On all sides the negative seems to surround us. We swim in the sea of “No.” And we don’t like it. You don’t have to teach a toddler to say this short word. He learns it immediately and repeats it countless times a day—maybe because he hears it from his parents so very often. No wonder, through the years our attitude to “no” becomes . . . well, negative.
But the negative has a tremendous power in our lives and in our language. Many writers tapped into the rhetorical use of negation in their work. Statesmen employed it in their speeches to emphasize their point. It’s enough to remember Kennedy’s famous “Ask not . . . .”
The release of Steven Spielberg’s latest film, Lincoln, triggered an increased interest in Abraham Lincoln and sparked the publication of many books and articles about him. Some of them mention Lincoln’s use of negation to persuade and to call to action. A recent article in the Wall Street Journal points out that Lincoln’s “rhetorical efforts were in the service of resisting both the expansion of slavery and the destruction of the Union,” and this resistance gave his negative constructions a “moral focus.” Nobody can deny a moral dimension of his striking quote: “If slavery is not wrong, nothing is wrong.”
In Scripture, the negative shapes our sense of morality. Many books of the Bible use negation as a rhetorical device: eight out of the Ten Commandments use negative constructions. And of course, the book of Proverbs—our study this month—is full of “no’s,” “don’ts,” and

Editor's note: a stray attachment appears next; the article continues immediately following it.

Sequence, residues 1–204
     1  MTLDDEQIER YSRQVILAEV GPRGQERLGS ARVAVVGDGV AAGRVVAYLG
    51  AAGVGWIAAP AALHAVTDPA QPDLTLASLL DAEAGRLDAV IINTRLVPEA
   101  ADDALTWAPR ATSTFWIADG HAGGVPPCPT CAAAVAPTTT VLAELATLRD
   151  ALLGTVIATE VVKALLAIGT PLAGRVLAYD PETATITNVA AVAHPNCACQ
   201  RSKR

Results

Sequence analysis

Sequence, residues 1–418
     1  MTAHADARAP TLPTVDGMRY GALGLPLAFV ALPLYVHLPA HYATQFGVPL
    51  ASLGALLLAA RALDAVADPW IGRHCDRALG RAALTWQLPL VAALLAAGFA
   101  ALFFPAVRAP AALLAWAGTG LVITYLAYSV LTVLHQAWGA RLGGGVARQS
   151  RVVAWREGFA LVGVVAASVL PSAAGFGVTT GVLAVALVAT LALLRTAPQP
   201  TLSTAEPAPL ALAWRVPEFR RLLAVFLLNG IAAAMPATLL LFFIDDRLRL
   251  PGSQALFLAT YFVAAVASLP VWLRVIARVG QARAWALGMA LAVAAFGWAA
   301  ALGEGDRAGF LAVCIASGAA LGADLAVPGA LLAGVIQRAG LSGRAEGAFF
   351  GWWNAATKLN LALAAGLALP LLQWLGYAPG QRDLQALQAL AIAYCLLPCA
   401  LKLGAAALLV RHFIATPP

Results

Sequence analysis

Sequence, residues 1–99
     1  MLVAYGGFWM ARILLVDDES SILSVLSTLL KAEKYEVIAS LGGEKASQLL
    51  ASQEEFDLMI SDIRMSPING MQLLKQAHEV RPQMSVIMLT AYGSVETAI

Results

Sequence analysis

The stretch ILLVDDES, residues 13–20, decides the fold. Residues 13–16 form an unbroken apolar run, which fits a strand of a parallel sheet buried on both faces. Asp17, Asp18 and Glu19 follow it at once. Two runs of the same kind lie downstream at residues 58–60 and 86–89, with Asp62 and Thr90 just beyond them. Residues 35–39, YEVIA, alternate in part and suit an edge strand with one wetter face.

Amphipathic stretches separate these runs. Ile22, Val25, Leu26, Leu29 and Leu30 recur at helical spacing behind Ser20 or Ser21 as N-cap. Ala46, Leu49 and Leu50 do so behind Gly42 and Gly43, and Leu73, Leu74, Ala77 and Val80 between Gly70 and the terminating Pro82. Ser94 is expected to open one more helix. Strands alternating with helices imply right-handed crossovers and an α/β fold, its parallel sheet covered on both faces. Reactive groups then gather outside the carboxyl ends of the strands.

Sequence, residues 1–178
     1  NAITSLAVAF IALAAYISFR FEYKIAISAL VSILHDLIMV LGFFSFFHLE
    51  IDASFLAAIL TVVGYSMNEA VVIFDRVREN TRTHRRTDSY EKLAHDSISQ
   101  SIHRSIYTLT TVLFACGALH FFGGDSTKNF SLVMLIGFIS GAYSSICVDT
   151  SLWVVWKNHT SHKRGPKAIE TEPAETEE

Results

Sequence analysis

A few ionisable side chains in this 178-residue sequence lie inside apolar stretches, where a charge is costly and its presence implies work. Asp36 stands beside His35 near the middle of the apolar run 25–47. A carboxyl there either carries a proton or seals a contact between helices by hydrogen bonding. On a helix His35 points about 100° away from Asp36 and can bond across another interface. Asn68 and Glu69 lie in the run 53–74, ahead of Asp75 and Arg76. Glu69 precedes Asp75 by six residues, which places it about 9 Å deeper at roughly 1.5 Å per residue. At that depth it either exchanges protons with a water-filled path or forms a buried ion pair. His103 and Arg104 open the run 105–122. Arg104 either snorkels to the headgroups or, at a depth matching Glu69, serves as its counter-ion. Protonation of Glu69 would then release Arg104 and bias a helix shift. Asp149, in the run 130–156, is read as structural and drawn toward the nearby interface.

As we read the pages of Proverbs, let us set aside a toddler mentality and see the positive in the negative. As Christians, we have the power and the ability to obey the Word of God. With His Spirit in our hearts, the life of wisdom is possible for us. As followers of Christ, we can say “Yes!” to all the “don’ts” in the book of Proverbs. In his letter to the Corinthian church Paul wrote, “For no matter how many promises God has made, they are ‘Yes’ in Christ. And so through him the ‘Amen’ is spoken by us to the glory of God” (2 Cor. 1:20).
Dear readers, we hope you have already said “Yes” to Christ in your life and have allowed Him to work in your heart. Our prayer is that in our study of the Bible this month, you’ll say “Amen” to all the things God will show you in the book of Proverbs. And all of us at Today in the Word want to thank you for saying “Yes” to supporting this ministry.